The Haavara agreement
The Haavara agreement from August 1933 - emigration of German Jews
Money and good transfer from the Third Reich to Palestine for about 60,000 emigrating Jews 1933-1939
presentation by Michael Palomino (2007)
-- Haavara; In: Encyclopaedia Judaica 1971, vol. 7
-- Israel, State of; In: Encyclopaedia Judaica 1971, vol. 9
The Haavara agreement
(from: Haavara; In: Encyclopaedia Judaica 1971, vol. 7)
<HAAVARA, a company for the transfer of Jewish property from Nazi Germany to Palestine. The Trust and Transfer Office Haavara Ltd., was established in Tel Aviv, following an agreement with the German government in August 1933, to facilitate the emigration of Jews to Palestine by allowing the transfer of their capital in the form of German export goods.
The amounts to be transferred were paid by prospective emigrants into the account of a Jewish trust company (PALTREU - Palestina Treuhandstelle zur Beratung deutscher Juden [Palestine trust office for consulting of German Jews]) in Germany and used for the purchase of goods which the Haavara then sold in Palestine.
The proceeds, in Palestine currency, were paid to the emigrants living in Palestine. The rate of exchange was adjusted from time to time by the Haavara according to the disagio, necessitated by the subsidy which the Haavara granted the Palestinian importers, to make up for the steadily deteriorating value of the Reich mark, so the German goods could compete with other imports.
The ensuing disagio, borne by the emigrants, accordingly increased from 6% in 1934 to 50% in 1938. The major part of the transfer proceeds provided the 1,000 Palestine Pounds (then $ 4,990) necessary for a "capitalist" immigration certificate of the Mandatory administration, but also for other categories of immigration, such as youth aliyah, students, and artisans as well as for the transfer of public funds.
The transfer, which weakened the boycott of German goods declared by many Jewish organizations around the world, met with considerable opposition. The controversy was settled at the Zionist (col. 1012)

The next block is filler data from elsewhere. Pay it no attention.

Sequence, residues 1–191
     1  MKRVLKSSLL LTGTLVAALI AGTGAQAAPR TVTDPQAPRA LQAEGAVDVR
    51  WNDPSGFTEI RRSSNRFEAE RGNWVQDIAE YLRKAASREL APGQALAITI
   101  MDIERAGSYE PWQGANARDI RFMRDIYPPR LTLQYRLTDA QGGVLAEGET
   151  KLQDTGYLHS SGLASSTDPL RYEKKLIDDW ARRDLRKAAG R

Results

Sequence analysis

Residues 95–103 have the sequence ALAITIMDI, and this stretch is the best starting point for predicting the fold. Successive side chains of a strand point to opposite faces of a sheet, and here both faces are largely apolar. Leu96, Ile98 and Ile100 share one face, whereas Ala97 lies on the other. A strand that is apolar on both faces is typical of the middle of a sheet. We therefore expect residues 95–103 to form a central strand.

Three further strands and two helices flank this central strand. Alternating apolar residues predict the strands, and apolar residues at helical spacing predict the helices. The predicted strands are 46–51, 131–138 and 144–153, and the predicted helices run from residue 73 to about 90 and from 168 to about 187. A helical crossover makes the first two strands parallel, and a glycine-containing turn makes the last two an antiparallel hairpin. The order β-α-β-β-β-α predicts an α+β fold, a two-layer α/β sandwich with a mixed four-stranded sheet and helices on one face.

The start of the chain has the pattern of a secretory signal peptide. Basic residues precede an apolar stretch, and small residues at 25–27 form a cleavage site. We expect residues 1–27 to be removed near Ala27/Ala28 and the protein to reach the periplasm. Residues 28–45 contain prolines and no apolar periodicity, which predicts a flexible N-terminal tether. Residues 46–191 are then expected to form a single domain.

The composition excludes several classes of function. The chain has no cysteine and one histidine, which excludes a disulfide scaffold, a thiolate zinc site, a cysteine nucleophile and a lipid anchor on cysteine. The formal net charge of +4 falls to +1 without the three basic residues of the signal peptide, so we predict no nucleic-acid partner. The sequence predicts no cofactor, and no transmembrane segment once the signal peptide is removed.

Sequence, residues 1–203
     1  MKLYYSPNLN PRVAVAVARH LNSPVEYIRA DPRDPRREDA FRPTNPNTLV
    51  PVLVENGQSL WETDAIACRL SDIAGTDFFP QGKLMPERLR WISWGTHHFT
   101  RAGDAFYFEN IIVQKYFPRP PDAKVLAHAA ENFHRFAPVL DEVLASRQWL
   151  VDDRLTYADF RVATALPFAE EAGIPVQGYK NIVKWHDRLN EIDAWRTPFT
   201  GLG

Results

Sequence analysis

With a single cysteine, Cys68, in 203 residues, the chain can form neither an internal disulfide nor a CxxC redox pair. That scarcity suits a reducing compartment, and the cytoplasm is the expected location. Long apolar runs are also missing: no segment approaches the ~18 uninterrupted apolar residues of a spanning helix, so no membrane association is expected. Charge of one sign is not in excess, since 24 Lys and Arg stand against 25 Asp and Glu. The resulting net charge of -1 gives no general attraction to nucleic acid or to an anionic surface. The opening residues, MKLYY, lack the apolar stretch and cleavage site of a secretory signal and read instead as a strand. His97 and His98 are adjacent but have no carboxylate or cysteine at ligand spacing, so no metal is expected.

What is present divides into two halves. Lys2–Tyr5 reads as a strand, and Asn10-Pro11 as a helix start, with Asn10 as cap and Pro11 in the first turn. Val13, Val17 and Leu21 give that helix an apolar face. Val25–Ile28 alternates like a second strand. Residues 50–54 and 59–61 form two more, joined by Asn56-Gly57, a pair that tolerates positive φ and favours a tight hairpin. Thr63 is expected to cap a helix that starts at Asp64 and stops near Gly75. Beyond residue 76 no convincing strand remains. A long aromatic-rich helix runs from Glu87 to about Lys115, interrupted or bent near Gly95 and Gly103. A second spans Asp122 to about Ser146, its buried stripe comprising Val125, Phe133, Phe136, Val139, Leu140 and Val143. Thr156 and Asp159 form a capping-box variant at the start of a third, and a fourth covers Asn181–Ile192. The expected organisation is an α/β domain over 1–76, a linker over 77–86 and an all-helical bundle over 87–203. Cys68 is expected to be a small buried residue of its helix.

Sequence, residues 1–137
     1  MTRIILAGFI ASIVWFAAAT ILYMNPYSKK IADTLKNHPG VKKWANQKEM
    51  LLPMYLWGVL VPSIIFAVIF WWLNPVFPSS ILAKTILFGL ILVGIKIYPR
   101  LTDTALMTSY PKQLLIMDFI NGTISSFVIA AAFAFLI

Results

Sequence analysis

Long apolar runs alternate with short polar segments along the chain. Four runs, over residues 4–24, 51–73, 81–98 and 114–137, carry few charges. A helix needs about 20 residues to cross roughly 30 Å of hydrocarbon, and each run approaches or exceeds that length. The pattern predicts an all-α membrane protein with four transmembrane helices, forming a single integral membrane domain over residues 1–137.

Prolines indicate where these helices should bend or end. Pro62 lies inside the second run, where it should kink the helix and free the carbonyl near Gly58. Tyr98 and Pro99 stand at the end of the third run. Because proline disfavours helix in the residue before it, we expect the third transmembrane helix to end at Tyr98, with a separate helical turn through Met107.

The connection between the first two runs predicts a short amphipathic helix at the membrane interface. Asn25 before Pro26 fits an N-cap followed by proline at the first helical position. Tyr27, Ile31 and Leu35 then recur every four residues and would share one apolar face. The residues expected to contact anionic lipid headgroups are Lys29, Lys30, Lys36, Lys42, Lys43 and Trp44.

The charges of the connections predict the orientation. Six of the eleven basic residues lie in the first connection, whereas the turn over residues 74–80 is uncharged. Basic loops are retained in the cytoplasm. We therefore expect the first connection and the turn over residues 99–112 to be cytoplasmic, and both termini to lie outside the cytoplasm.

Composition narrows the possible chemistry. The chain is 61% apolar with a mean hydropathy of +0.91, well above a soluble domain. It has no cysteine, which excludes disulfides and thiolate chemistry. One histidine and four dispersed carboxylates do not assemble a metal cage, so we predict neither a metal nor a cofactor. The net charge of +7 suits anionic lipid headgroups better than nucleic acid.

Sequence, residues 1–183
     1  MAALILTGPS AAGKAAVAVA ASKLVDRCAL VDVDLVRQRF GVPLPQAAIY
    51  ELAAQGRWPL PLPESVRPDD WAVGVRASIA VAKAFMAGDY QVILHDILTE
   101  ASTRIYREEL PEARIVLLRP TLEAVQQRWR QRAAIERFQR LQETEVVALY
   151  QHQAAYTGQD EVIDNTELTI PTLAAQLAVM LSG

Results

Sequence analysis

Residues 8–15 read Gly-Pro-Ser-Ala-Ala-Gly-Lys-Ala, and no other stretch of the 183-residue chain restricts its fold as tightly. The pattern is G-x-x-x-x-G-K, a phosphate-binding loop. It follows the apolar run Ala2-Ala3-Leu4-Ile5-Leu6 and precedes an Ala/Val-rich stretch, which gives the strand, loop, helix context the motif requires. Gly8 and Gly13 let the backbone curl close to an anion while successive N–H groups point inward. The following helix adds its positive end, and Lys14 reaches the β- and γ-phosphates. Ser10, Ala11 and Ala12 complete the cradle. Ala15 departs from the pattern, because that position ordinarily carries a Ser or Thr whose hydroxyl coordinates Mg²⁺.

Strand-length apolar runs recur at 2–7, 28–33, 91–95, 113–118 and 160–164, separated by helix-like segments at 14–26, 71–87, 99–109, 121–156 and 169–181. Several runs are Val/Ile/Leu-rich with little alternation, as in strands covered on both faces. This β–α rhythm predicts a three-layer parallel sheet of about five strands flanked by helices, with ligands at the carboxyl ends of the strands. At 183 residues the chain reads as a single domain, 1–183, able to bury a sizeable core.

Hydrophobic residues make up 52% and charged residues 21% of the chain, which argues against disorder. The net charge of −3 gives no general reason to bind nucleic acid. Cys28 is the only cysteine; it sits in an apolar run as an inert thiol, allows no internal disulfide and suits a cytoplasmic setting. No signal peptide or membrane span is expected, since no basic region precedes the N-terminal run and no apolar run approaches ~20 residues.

Congress in Lucerne (1935) which decided by a vast majority in favor of the transfer and placed the Haavara under the supervision of the *Jewish Agency. The Haavara continued to function until World War II, in spite of vigorous attempts by the Nazi Party to stop or curtail its activities.
The total transfer amounted to LP 8,100,000 (Palestine Pounds; then $ 40,419,000) including LP 2,600,000 (then $ 13,774,000) provided by the German Reichsbank in coordination with Haavara. The Haavara transfer was a major factor in making possible the immigration of approximately 60,000 German Jews to Palestine in the years 1933-1939, and together with the money invested by the immigrants themselves, in providing an incentive for the expansion of agricultural settlement and for general economic development.> (col. 1013)
<Through the *Ha'avarah, the transfer of Jewish assets to Palestine, some £6,000,000 were saved and infused into the economy of Erez Israel (Ereẓ Israel) [[Land of Israel]] to its great benefit.>
(from: Zionism; In: Encyclopaedia Judaica 1971, vol. 16
[[But Hitler projected to occupy the whole Middle East with Palestine and then the Jews would have been under NS rule again and would have been foreseen for other deportation and eventually annihilation by work. Hitler would have had taken over the infrastructure which had been installed by the Jews...]]
-- E. Marcus, in: Yad Vashem Studies, 2 (1959), 179-204
-- S. Esh, in: Am Yisrael Be-Dorenu (1964), 330-43
-- L. Pinner, in: In zwei Welten (1962), 133-66
Details of the Haavara agreement
(from: Israel, State of; In: Encyclopaedia Judaica 1971, vol. 9)
<Almost a quarter of this sum [[of the immigrants to Palestine]] came through a special arrangement between the Jewish Agency and the German authorities for the transfer (*Haavara) of German-Jewish capital. Under this agreement, emigrants from Germany obtained their first £1,000 in cash so that they could get their immigration certificates and deposited the rest of their assets with a clearinghouse in Berlin; the sterling equivalent was recovered after arrival from a second clearinghouse in Palestine, to which Jewish merchants made their payments for goods imported from Germany, while the German exporters were paid in Berlin. Moneys collected for the Jewish national funds and various other remittances to Palestine were also transferred through Haavara.
The arrangement was fiercely criticized as a breach of the worldwide Jewish boycott of German goods, but it was strongly defended on the ground that it was the only way to salvage the property of German Jews. The 19th Zionist Congress, which met at Lucerne in 1935 and which paid special attention to the plight of German Jewry, approved the agreement but ruled that it be placed under the control of the Executive.> (col. 531)